Last updated: April 25, 2017
“Indescribably Grand:” Diaries and Letters from the 1904 World’s Fair, edited by Martha R. Clevenger. St. Louis: Missouri Historical Society Press, 1996.
Twenty years ago Martha Clevenger compiled a book that gave readers an opportunity to read first person accounts of the 1904 St. Louis World’s Fair (officially called The Louisiana Purchase Exposition.) “Indescribably Grand:” Diaries and Letters from the 1904 World’s Fair remains a unique and important collection of memories and reflections on an amazing event in the history of St. Louis.
The book reprints firsthand views of the fair from four very different visitors, each of whom made multiple visits to the fair. Their diaries, memoirs and letters reveal the wealth of sensation and emotion that overwhelmed visitors once they entered the fairgrounds.
Edward Schneiderhahn records his frustration with the inadequacy of language in expressing his feelings about the fair. Edmund Philibert provides detailed descriptions of the wondrous exhibits. Florence McAllion, his sister, writes of her delight with the people of other cultures she encounters at the fair. And Sam Hyde brings the fair to life in his hand-illustrated photo memoir, “Recollections of the Fair.” Together, these descriptions of the Louisiana Purchase Exposition explain what the average visitor experienced at the fair, and why it left such a lasting impression.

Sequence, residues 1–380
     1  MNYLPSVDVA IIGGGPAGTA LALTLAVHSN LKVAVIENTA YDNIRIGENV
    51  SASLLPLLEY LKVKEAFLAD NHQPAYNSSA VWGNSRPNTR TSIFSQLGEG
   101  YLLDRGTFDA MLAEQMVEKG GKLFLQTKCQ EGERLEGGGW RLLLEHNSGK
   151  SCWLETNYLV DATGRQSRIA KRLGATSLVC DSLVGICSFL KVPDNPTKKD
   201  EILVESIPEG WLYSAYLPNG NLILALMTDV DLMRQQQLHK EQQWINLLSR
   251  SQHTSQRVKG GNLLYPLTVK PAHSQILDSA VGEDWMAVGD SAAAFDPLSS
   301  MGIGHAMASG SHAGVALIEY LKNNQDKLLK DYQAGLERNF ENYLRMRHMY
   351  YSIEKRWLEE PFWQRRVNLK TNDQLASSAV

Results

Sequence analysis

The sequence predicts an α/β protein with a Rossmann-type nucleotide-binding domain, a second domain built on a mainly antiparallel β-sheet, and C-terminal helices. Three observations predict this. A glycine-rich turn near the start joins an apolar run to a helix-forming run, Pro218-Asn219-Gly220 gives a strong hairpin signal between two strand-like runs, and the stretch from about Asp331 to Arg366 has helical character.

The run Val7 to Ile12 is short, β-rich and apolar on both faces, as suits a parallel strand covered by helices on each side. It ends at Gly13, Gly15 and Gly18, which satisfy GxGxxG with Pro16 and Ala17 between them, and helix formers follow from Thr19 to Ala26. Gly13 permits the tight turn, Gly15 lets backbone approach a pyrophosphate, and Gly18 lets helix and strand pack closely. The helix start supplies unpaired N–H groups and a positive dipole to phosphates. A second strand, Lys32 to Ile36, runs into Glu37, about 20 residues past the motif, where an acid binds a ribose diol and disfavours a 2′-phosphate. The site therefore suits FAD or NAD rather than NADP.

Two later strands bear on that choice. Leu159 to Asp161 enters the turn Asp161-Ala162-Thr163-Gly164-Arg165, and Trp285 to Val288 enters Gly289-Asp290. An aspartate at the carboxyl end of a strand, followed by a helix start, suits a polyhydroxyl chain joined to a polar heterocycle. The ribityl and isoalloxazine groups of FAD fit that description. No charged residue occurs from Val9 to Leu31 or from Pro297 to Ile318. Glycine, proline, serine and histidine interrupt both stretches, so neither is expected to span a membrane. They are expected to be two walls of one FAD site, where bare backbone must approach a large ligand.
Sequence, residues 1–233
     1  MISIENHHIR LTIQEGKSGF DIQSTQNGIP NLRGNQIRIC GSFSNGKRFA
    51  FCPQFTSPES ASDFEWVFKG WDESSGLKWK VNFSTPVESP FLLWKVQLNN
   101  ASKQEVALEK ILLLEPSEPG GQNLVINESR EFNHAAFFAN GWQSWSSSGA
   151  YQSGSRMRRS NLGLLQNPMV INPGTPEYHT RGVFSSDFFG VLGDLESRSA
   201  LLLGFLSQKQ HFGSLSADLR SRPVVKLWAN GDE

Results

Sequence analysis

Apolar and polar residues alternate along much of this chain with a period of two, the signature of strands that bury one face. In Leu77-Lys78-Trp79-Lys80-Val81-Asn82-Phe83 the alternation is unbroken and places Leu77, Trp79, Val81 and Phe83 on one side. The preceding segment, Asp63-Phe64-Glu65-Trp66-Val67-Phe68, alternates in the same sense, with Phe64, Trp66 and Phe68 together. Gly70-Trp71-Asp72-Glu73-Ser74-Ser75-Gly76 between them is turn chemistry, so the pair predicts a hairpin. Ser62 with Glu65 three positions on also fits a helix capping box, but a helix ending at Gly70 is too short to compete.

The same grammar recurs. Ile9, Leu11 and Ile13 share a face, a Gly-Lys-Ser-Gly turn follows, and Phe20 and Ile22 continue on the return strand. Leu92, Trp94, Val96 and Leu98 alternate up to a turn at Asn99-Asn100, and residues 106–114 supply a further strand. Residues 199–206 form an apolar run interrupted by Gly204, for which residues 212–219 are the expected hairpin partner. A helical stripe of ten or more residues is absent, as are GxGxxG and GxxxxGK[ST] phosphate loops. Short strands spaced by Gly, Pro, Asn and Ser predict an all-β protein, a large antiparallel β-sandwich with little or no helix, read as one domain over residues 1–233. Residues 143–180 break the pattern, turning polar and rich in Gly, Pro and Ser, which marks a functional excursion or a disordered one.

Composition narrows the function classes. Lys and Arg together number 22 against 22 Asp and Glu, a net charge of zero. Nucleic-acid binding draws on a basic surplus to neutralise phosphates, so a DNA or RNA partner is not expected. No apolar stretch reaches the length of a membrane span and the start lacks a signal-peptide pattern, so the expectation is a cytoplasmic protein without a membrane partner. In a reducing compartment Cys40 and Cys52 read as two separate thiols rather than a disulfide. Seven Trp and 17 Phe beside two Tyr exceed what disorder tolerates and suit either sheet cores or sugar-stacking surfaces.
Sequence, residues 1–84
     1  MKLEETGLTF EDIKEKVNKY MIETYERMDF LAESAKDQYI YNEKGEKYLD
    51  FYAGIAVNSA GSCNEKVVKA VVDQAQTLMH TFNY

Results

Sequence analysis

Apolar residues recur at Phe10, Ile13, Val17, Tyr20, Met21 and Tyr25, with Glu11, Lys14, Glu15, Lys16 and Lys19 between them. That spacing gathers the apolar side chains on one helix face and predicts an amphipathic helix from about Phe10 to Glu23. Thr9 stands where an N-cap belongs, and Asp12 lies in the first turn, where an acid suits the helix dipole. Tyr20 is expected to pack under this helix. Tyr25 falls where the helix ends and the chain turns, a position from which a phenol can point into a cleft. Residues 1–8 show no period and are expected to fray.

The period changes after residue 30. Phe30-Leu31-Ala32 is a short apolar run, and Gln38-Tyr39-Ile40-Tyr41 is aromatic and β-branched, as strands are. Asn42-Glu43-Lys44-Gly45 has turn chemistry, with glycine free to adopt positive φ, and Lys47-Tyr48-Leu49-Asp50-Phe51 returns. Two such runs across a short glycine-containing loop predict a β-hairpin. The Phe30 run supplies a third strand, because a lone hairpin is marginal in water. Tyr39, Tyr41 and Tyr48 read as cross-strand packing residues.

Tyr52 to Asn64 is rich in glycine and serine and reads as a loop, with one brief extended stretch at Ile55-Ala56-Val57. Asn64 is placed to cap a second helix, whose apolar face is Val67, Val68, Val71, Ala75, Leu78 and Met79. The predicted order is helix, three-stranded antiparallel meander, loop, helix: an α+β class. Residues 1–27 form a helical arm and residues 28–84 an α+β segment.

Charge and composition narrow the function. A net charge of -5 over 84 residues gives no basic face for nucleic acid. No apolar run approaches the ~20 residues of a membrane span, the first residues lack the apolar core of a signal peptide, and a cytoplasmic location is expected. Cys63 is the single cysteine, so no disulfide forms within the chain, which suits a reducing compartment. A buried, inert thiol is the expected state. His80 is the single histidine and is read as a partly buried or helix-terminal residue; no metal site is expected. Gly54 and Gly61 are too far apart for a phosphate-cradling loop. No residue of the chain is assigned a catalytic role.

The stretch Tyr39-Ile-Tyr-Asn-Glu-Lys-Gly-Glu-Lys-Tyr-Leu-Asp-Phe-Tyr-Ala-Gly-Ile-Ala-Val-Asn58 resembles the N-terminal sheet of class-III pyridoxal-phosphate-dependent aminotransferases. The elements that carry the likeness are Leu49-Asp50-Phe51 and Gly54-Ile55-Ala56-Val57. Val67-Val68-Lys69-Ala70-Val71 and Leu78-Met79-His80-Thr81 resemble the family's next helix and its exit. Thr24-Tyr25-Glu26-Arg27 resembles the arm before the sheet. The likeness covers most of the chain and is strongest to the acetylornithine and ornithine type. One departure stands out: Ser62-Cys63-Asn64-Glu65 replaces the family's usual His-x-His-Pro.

Schneiderhahn expressed both awe and frustration when he tried to relate his feelings about his first views of the fair: “The view across the lagoon was simply indescribably grand. But it is impossible for language to express the actual reality. We have become so addicted to the use of superlatives in common speech, that when we are taxed for resources of speech, as in this instance, we are at a loss what to do.”
The book is illustrated with over one hundred images and presents the reader with a fascinating overall picture of the fair-visiting experience. It also shows that nostalgia for the fair began almost immediately and certainly continues today.